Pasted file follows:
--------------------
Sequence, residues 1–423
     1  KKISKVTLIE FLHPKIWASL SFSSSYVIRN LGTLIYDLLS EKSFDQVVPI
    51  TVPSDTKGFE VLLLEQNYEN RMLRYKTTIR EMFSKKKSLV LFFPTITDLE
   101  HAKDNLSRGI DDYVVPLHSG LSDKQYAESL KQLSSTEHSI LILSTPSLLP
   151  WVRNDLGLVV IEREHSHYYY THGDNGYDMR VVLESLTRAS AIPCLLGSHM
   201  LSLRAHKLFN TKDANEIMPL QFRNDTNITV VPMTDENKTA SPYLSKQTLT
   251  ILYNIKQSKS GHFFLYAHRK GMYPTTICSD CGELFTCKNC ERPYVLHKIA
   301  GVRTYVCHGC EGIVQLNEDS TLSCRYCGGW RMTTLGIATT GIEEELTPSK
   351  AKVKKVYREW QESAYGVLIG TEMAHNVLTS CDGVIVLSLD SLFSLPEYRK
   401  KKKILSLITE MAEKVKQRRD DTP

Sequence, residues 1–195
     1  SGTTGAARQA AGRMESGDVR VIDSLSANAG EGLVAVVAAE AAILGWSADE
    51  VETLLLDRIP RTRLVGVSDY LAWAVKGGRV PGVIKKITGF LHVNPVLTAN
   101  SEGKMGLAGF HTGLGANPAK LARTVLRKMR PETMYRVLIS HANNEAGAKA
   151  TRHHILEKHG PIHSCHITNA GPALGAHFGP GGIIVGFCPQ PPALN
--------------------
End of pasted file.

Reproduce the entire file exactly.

Sequence, residues 1–423
     1  KKISKVTLIE FLHPKIWASL SFSSSYVIRN LGTLIYDLLS EKSFDQVVPI
    51  TVPSDTKGFE VLLLEQNYEN RMLRYKTTIR EMFSKKKSLV LFFPTITDLE
   101  HAKDNLSRGI DDYVVPLHSG LSDKQYAESL KQLSSTEHSI LILSTPSLLP
   151  WVRNDLGLVV IEREHSHYYY THGDNGYDMR VVLESLTRAS AIPCLLGSHM
   201  LSLRAHKLFN TKDANEIMPL QFRNDTNITV VPMTDENKTA SPYLSKQTLT
   251  ILYNIKQSKS GHFFLYAHRK GMYPTTICSD CGELFTCKNC ERPYVLHKIA
   301  GVRTYVCHGC EGIVQLNEDS TLSCRYCGGW RMTTLGIATT GIEEELTPSK
   351  AKVKKVYREW QESAYGVLIG TEMAHNVLTS CDGVIVLSLD SLFSLPEYRK
   401  KKKILSLITE MAEKVKQRRD DTP

Sequence, residues 1–195
     1  SGTTGAARQA AGRMESGDVR VIDSLSANAG EGLVAVVAAE AAILGWSADE
    51  VETLLLDRIP RTRLVGVSDY LAWAVKGGRV PGVIKKITGF LHVNPVLTAN
   101  SEGKMGLAGF HTGLGANPAK LARTVLRKMR PETMYRVLIS HANNEAGAKA
   151  TRHHILEKHG PIHSCHITNA GPALGAHFGP GGIIVGFCPQ PPALN